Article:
Dir: Lars Kraume. Ger. 2007. 90mins

Despite promising, tense beginnings, classroom tensions fail to provide much in the way of social or emotional revelation in Good Morning, Mister Grothe. Despite strong lead performances, this story of a teacher and a problem pupil going head to head finally veers uneasily between mundanity and melodrama.

Directed confidently by Lars Kraume - whose feature Keine Lieder Über Liebe played in Panorama in 2005 - the DV-shot feature is for the most part a solid realist exploration of the blackboard jungle.

With inevitable echoes of more mainstream idealistic-teacher dramas such as To Sir, With Love, Dangerous Minds and Bertrand Tavernier's Ça Commence Aujourd'hui, Kraume's film also covers similar ground to another, considerably harder-edged German low-budget drama, Maren Ade's The Forest For The Trees (2003).

Good Morning's gritty but ultimately unexciting approach will make it a limited theatrical sell, and action outside Germany will no doubt be limited to the festival circuit.

Its hero is Michael Grothe (Blomberg), a late-30s divorced German teacher in a Berlin high school. He's tough, idealistic yet pragmatic, and thoroughly

tenacious, even when faced with a class of teenagers who are apathetic at best, downright rebellious at worst.

His problem pupil is Nico (Trepte), a sullen, strutting bully whose main interest is disrupting classes. It comes as no surprise when, after a while, Grothe seems to achieve a kind of breakthrough with Nico, who responds well to Grothe's adoption of him as a case meriting special efforts.

Just as quickly, though, the bond between teacher and pupil turns sour - as does the rest of Grothe's life, including his burgeoning relationship with single colleague Lisa Kranz (Kunzendorf).

The classroom scenes are impeccable, with a strong teenage cast interacting convincingly: beyond the kids' collective apathy and contempt, the young actors effectively sketch out each one's individual personality.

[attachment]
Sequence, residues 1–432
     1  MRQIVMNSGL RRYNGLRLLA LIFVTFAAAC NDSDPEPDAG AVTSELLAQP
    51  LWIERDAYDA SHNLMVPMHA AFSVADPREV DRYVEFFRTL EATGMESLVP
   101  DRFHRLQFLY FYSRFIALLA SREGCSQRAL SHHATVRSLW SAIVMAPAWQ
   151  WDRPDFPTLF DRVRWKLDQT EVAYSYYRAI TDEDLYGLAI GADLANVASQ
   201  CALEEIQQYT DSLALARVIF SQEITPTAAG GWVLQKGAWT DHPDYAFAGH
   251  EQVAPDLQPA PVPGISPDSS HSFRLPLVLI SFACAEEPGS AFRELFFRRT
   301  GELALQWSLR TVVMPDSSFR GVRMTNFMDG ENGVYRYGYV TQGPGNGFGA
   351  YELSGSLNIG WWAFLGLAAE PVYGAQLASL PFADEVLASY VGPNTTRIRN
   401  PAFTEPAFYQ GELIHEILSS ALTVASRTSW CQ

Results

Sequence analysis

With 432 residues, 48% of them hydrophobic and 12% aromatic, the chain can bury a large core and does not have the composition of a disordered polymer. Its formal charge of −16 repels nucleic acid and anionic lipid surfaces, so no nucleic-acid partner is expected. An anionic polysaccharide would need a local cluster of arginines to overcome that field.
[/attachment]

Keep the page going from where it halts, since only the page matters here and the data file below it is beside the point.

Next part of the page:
When it comes to the adults, however, Blomberg and Kunzendorf struggle a little to convey much more than the cliche of committed but overstressed teachers failing to reconcile vocation with a personal life.

The narrative is uneven, a promising open sequence - with Nico pursuing a personal grudge against Grothe - never quite followed up in terms of suggestive conflict. The audience breathes a sigh of relief when the potentially cliched rapport between teacher and pupil - based on athletics and a spot of Salinger - is blown off course, but the path that the film eventually takes is unsatisfying, with Blomberg not quite pulling off his portrait of a strong man in collapse.

Fluidly-executed DV photography gives the film a no-nonsense realist ring, but no new ground is broken.

Production companies/backers
Allmedia Pictures

International sales

Heike Richter-Karst

Beate Langemaack

Jens Harant

Barbara Gies

Christof M Kaiser
Julian Maas

Main cast
Sebastian Blomberg
Nina Kunzendorf
Ludwig Trepte
Mehmet Subasi